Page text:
Android Pay is now Google Pay

Google has announced that Android Pay will now be integrated with Google Pay, which means the name of the app on your phone will also change. As you perform app updates in the next few days, expect Android Pay to disappear from your app drawer or home screen and be replaced with Google Pay.

Google Pay will bring better integration with other Google features, such as allowing payment on certain websites. The app is getting a makeover, bringing shopping info and gift card / rewards card management straight from the app. Read more at Google’s Blog.

Microsoft releases Photos Companion app for Android and iOS

Microsoft has released a new app called Photos Companion, which allows you to upload photos and videos from your Android or Apple device straight to your computer. This is done through your home’s wifi connection and therefore doesn’t use any cellular data.

This is a better method of transferring photos and videos from phone to computer for many people, because it does not upload anything to any cloud service. For people who value security and don’t want to pay monthly or yearly subscription fees for cloud storage, this is a perfect solution.

Google Photos is used by many, but it does not allow unlimited uploading of videos for free, and photos aren’t saved in full quality if you have a free account. For reasons such as this, Microsoft’s Photos Companion is the perfection solution for those of us who have been waiting for an app that allows easy transfer of both photos and videos to our computers, without a third party cloud provider getting in the way.

Note that this requires your computer and phone to be on the same wifi network. You can download the Photos Companion app from the Apple App Store and from Google Play.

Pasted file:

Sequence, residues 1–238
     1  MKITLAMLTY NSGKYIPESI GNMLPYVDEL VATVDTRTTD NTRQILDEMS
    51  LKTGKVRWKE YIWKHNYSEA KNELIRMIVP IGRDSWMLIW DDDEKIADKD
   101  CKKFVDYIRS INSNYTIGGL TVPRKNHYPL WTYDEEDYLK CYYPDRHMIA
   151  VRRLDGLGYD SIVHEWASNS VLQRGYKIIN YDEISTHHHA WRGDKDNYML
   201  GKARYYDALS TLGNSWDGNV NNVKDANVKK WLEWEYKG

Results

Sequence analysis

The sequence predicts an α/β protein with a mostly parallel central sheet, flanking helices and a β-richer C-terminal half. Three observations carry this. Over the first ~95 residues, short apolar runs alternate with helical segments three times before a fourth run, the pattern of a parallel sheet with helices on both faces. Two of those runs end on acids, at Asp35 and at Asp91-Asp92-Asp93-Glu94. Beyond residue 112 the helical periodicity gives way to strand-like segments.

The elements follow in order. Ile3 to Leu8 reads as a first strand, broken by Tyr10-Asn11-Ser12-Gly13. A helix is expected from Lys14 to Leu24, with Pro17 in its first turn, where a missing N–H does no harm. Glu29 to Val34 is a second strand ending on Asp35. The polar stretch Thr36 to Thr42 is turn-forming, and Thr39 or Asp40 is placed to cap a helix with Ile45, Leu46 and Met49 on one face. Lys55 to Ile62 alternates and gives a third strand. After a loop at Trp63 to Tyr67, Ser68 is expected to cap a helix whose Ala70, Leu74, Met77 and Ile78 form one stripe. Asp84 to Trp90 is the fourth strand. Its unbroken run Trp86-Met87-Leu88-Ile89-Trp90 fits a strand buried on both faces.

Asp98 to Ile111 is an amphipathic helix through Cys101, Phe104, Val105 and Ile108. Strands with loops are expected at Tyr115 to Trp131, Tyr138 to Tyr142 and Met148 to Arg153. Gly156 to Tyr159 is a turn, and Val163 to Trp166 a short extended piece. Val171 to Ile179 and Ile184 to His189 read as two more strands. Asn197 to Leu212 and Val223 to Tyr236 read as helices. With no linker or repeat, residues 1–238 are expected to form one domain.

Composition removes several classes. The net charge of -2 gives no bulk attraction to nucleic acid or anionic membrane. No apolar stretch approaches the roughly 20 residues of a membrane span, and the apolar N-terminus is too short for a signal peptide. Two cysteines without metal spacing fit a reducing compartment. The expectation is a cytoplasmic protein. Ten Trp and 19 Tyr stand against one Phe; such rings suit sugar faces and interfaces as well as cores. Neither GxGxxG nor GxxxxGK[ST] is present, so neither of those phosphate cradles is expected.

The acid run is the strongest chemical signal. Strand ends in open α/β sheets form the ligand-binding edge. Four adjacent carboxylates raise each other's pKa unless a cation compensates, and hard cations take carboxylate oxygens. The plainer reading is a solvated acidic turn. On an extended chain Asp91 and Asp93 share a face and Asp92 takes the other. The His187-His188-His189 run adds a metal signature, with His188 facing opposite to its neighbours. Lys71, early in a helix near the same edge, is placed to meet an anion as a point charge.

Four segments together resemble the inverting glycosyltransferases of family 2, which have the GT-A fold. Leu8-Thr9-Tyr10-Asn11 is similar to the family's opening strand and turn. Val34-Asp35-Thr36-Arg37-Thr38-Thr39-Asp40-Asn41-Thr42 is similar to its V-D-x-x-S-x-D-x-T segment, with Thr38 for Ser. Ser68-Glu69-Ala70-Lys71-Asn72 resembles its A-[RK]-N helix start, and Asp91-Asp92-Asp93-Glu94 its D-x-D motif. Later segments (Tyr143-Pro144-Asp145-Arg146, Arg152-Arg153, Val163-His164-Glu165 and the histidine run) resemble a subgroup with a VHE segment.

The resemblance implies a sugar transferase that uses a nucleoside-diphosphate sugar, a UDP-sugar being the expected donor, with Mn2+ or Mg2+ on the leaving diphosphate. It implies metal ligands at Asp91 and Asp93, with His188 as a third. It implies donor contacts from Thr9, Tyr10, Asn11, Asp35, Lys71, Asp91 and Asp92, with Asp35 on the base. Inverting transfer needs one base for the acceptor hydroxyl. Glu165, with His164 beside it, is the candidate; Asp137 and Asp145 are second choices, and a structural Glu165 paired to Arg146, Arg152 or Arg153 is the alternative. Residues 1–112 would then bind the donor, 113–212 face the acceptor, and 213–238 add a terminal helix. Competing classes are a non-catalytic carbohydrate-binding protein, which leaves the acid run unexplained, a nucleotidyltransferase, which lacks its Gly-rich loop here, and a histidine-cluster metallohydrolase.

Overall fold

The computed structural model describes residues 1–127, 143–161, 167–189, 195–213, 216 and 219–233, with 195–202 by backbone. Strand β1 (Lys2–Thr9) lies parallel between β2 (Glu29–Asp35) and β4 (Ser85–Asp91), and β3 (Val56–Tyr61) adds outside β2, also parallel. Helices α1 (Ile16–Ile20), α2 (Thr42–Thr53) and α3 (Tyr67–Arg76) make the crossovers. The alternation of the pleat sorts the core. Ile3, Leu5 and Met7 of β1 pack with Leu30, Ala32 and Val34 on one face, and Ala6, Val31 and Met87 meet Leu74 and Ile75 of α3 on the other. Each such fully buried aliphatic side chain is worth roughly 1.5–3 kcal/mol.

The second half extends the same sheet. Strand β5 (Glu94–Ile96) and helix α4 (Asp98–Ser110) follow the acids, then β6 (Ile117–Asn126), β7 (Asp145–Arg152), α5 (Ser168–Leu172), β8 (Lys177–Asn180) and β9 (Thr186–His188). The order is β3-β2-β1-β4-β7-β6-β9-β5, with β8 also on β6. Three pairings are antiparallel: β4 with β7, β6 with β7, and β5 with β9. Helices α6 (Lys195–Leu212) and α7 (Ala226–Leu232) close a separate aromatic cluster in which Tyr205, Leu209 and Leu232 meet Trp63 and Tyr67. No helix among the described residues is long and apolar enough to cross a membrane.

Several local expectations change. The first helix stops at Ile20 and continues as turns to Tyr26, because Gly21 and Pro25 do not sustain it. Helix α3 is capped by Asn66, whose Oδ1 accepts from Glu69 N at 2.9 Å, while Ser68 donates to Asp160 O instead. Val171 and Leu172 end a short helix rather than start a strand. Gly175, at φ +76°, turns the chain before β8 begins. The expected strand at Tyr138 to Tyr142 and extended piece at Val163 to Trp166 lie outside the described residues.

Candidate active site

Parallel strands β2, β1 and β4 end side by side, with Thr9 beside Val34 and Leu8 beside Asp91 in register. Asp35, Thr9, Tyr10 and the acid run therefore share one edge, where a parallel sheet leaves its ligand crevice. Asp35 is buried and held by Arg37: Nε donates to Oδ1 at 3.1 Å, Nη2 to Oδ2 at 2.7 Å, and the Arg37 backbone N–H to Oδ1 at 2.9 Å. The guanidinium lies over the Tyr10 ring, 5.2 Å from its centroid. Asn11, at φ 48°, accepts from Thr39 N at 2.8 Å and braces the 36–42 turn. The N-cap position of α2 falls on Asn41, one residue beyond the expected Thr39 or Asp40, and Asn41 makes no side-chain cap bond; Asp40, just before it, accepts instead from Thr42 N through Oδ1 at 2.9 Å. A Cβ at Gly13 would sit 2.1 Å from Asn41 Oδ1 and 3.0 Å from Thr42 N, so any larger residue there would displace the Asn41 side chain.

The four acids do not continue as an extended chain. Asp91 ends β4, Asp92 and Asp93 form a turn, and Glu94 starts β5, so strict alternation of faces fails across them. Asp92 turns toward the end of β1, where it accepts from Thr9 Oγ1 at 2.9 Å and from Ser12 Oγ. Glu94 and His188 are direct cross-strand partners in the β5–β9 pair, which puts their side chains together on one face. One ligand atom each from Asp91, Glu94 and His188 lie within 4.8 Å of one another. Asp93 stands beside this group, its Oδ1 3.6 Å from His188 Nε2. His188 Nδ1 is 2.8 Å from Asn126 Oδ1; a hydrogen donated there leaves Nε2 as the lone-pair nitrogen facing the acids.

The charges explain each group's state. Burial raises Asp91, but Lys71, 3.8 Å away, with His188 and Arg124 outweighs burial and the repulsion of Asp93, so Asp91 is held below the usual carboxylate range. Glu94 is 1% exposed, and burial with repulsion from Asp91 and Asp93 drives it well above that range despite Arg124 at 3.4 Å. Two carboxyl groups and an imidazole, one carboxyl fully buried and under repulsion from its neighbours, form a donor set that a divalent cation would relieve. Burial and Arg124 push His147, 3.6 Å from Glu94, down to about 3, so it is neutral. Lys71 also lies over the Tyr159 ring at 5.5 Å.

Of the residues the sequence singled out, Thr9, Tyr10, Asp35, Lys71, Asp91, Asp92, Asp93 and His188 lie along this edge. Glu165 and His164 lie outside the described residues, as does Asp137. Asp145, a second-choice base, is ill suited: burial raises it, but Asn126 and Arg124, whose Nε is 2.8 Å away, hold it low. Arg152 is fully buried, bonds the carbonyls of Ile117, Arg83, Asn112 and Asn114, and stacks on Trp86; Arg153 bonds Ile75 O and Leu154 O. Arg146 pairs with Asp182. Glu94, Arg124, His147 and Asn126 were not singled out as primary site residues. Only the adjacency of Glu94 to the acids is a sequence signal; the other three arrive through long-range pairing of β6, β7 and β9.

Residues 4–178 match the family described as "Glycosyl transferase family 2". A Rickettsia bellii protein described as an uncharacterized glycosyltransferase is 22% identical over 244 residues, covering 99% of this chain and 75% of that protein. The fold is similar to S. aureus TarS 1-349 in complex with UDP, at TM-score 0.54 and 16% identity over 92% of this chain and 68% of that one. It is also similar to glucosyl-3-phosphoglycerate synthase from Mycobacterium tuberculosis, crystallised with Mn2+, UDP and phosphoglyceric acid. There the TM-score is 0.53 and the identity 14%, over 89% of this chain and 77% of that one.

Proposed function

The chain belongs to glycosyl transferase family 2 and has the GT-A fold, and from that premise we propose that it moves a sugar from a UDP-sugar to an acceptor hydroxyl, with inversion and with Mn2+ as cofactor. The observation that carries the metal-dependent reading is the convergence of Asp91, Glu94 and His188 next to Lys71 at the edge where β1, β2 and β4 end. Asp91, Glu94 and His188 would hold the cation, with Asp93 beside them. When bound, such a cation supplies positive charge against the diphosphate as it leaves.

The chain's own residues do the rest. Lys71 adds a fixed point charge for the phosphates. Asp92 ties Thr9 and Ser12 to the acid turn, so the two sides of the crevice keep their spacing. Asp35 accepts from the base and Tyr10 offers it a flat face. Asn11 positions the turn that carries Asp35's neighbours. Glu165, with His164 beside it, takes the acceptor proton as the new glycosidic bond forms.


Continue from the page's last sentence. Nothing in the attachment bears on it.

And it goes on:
So what is Blockchain Technology?

Blockchain

To understand Cryptocurrency it is necessary to first understand Blockchain Technology.

Blockchain is a revolutionary technology built on cryptography which in essence is really hard math. This makes it possible for every single Bitcoin transaction to be permanently hardcoded into a universal ledger which is hosted on all computer supporting the block-chain around the world. Now don’t worry you don’t have to be a math genius to profit from Bitcoin and other cryptos. What this means though is that no one can hide what they’re doing with their money. And at the same time it provides a high degree of anonymity.

Today we have online exchanges and even smartphone apps that allow us to buy sell and trade dozens of crypto currencies. We also have devices called hardware wallets that allow us to move your cryptos. This way we can store them in perfect safety.

One can literally carry millions of dollars in pocket and use it anywhere in the world. Bitcoin and other crypto currencies have become accessible to pretty much anyone. Bitcoin is just a small part of the disruptive revolution to come.

Blockchain technology will have an impact far greater than the internet ever could.

Windows 7 lag when using dual monitors with different refresh rates